Bill Banning Arbitration Clauses Passes House

A bill that would ban forced arbitration clauses in employment, consumer, civil rights, and antitrust cases passed the House of Representatives yesterday and is now headed to the Senate for its consideration.

The bill, H.R. 963, the Forced Arbitration Injustice Repeal Act of 2022, or FAIR Act, passed by a vote of 222-209. This is the second time that the bill has passed in the House. During the previous Congressional session, the bill passed by a vote of 225 to 186, but did not make it out of the Senate. The bill has introduced in the Senate by Sen. Richard Blumenthal [D-Conn.] and has 39 cosponsors. A similar measure seeking to ban arbitration clauses was introduced in the Senate by Sen. Sherrod Brown [D-Ohio], the chairman of the Senate Banking Committee, last week.

Rep. Hank Johnson [D-Ga.], the sponsor of the bill, said that arbitration forces consumers to sign away their rights because that’s what big corporations want.

“My bill will restore fairness to the American justice system by reasserting an individual’s right to access the court system,” said Rep. Johnson, in a statement. “The FAIR Act would ensure that men and women contracting with more powerful entities aren’t forced into private arbitration, where the bigger party often has the advantage of choosing the arbitrator in an unappealable decision.”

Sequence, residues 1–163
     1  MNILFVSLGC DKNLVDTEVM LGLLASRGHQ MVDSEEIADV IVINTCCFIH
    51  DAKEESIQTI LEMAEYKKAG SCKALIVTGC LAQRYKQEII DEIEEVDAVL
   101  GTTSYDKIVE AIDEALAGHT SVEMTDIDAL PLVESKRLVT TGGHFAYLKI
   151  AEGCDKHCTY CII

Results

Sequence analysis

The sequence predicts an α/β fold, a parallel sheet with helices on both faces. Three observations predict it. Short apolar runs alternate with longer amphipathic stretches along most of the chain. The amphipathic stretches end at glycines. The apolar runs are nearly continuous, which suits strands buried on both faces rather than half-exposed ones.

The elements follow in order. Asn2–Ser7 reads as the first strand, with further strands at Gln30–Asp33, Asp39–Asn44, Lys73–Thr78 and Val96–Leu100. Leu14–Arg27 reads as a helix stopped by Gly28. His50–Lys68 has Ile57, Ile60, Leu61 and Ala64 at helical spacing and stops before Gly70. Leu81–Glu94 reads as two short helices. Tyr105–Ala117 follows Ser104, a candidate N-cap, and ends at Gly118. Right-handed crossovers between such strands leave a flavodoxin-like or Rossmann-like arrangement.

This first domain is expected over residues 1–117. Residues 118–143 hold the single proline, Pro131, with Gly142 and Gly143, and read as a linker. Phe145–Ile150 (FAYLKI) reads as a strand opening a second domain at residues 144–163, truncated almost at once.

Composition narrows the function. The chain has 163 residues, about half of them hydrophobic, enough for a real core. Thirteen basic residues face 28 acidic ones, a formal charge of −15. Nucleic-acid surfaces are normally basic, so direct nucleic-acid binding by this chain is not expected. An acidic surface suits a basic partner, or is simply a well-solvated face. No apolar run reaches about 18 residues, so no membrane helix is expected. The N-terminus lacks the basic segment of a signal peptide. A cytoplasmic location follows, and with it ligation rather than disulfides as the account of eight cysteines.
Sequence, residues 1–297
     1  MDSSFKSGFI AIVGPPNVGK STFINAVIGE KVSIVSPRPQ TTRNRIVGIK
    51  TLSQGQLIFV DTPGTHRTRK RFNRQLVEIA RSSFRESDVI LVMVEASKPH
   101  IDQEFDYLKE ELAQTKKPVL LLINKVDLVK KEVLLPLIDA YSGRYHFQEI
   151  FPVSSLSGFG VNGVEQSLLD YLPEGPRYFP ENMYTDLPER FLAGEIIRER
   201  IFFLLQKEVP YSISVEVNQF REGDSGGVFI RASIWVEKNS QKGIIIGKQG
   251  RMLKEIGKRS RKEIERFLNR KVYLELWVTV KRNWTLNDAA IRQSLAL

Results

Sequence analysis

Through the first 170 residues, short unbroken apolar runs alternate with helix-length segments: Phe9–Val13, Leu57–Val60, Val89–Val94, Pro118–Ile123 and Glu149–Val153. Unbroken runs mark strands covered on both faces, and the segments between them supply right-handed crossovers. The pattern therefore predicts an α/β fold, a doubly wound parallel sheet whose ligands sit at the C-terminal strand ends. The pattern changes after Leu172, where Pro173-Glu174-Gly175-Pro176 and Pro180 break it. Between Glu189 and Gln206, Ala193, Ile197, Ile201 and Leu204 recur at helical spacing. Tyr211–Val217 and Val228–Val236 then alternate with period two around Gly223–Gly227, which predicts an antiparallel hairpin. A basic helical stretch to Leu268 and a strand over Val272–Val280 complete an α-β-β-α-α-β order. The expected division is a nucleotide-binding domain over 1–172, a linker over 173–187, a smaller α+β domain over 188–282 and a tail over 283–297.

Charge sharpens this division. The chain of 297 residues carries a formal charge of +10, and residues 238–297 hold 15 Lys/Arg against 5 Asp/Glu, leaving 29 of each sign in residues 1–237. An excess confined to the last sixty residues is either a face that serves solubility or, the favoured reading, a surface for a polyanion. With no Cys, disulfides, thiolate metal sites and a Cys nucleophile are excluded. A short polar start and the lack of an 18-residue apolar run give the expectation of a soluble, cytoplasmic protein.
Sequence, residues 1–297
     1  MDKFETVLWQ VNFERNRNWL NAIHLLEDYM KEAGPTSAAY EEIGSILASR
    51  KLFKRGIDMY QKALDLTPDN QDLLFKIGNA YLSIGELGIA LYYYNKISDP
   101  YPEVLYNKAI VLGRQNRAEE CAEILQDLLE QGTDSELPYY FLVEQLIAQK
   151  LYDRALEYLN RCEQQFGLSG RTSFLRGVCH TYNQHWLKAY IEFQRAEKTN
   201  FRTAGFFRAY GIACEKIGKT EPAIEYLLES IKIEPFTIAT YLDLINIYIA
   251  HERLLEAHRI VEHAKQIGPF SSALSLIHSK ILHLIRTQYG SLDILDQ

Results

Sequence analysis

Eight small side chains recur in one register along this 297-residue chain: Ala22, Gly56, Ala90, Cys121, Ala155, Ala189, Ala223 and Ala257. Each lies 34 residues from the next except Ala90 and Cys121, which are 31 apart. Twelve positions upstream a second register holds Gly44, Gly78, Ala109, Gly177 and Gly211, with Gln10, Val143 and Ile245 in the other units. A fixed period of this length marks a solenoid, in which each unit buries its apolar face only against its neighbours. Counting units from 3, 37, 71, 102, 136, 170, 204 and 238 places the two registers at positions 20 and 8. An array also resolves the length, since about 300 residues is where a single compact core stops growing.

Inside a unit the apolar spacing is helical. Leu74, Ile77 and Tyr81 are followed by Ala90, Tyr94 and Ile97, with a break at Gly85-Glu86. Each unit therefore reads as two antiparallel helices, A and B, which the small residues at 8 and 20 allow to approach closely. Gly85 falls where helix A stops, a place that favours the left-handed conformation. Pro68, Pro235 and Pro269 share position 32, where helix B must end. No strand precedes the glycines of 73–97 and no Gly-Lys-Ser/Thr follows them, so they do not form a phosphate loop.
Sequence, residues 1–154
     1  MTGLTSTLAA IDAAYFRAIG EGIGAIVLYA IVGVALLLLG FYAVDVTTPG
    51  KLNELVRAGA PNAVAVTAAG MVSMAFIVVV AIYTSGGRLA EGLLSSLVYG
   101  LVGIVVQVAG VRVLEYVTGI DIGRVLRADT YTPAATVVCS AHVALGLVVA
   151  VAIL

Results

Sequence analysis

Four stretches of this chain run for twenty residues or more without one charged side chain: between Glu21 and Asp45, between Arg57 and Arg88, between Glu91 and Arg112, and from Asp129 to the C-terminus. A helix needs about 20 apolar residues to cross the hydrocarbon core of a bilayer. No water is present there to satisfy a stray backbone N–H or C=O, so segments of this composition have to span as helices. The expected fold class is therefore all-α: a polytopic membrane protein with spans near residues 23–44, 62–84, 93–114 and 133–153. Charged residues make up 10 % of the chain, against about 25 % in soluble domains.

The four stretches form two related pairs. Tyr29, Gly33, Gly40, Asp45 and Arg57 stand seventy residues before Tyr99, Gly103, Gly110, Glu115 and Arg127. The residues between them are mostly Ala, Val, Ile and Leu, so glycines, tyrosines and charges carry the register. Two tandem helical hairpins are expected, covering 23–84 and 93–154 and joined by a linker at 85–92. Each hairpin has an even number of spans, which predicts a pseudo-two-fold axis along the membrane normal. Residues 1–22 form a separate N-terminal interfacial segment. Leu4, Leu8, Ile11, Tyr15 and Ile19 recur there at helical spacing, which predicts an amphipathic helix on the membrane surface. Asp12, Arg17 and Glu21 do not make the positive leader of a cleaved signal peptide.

When announcing his proposed legislation, Sen. Brown noted that consumers win in 9% of cases that are handled by an arbitrator. Arbitration is a dispute resolution process that occurs outside of the courts. An unbiased third party hears arguments from both sides and renders a binding decision, which has limited rights to be appealed.

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